100 episodes

Science news and highlights of the week

The Science Hour BBC

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Science news and highlights of the week

    Omicron, racism and trust

    Omicron, racism and trust

    South Africa announced their discovery of the Omicron variant to the world as quickly as they could. The response from many nations was panic and the closure of transport links with southern Africa. Tulio de Oliveira who made the initial announcement and leads South Africa’s Centre for Epidemic Response and Innovation tells us this is now having a negative effect on the country, with cases rising but vital supplies needed to tackle the virus not arriving thanks to the blockade.

    Omicron contains many more mutations than previous variants. However scientists have produced models in the past which can help us understand what these mutations do. Rockefeller University virologist Theodora Hatziioannou produced one very similar to Omicron and she tells us why the similarities are cause for concern.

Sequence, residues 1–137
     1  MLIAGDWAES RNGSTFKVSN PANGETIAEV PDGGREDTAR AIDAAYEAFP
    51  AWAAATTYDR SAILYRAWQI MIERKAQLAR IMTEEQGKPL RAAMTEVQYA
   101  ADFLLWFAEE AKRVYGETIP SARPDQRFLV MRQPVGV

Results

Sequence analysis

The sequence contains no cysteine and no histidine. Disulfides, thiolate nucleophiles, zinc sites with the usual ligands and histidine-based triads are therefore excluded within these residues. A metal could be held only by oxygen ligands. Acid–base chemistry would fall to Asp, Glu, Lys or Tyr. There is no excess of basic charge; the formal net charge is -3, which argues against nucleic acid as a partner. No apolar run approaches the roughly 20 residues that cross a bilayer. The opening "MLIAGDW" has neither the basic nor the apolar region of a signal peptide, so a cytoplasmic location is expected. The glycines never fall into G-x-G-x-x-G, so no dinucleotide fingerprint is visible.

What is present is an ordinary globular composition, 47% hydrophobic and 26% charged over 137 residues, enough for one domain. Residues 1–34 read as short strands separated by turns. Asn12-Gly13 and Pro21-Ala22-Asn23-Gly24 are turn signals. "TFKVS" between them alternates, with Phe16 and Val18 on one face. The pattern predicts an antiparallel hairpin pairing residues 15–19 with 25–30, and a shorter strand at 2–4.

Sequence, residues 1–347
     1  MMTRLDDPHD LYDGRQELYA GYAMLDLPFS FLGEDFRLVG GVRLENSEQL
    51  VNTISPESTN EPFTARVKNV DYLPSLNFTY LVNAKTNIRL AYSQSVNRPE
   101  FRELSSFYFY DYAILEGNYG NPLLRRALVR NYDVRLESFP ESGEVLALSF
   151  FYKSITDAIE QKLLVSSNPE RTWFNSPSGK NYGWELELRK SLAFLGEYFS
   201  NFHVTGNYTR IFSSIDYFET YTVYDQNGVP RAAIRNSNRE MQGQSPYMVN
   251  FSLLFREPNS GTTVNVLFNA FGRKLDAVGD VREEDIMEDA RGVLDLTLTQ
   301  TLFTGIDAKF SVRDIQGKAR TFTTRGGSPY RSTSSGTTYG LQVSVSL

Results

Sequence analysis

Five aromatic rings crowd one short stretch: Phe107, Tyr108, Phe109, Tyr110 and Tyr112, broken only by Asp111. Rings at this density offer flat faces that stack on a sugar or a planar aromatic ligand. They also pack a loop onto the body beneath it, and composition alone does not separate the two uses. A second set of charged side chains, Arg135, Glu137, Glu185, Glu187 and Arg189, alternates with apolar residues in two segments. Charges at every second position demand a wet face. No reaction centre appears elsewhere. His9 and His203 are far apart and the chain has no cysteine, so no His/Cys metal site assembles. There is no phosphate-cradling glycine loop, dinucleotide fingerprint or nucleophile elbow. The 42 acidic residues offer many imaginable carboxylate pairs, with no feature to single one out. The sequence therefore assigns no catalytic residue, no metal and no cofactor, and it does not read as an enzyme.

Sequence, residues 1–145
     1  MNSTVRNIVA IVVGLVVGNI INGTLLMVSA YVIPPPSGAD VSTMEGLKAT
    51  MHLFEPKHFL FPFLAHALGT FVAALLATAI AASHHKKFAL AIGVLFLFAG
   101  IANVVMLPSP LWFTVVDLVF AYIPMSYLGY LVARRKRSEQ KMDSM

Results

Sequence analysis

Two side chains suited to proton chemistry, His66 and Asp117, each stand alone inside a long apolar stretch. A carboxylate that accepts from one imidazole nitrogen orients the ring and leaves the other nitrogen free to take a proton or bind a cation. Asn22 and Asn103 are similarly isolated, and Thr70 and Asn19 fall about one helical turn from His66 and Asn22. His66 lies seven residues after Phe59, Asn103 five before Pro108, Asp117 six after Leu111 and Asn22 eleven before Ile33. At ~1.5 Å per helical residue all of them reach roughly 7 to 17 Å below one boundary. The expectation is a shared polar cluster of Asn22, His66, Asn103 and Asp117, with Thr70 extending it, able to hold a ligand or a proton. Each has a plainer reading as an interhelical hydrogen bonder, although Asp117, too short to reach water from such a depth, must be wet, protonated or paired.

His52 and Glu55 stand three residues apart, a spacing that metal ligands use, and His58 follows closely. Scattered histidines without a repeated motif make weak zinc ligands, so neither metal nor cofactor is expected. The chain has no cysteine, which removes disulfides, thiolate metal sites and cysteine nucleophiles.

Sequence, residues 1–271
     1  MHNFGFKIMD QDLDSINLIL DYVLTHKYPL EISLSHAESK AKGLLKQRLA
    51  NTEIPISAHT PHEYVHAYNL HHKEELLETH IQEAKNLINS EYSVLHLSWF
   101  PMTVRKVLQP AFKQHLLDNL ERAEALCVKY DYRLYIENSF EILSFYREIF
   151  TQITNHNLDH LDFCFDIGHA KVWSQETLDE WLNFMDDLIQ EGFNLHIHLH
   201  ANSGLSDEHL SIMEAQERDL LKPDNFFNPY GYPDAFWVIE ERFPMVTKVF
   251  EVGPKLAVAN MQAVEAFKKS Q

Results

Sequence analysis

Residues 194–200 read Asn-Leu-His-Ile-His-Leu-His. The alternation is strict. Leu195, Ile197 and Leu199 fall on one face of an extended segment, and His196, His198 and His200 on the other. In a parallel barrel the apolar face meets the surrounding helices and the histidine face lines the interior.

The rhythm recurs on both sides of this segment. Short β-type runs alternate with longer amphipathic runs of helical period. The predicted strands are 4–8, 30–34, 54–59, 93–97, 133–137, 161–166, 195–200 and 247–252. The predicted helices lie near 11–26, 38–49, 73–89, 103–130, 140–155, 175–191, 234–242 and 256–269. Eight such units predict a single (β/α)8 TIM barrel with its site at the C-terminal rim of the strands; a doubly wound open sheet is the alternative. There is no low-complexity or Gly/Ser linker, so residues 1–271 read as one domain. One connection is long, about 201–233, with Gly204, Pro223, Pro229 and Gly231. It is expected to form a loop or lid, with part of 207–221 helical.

Science sleuth Elisabeth Bik and Mohammad Razai, professor of Primary Care in St George’s University in London have just been awarded the John Maddox Prize for their campaigning investigations in science. Elisabeth is particularly concerned with mistakes, deliberate or accidental in scientific publications, and Mohammad structural racism in approaches to healthcare.

    Laura Figueroa from University of Massachusetts in Amhert in the US, has been investigating bees’ digestive systems. Though these are not conventional honey bees, they are Costa Rican vulture bees. They feed on rotting meat, but still produce honey.

    And, What makes things sticky? Listener Mitch from the USA began wondering while he was taking down some very sticky wallpaper. Our world would quite literally fall apart without adhesives. They are almost everywhere – in our buildings, in our cars and in our smartphones. But how do they hold things together?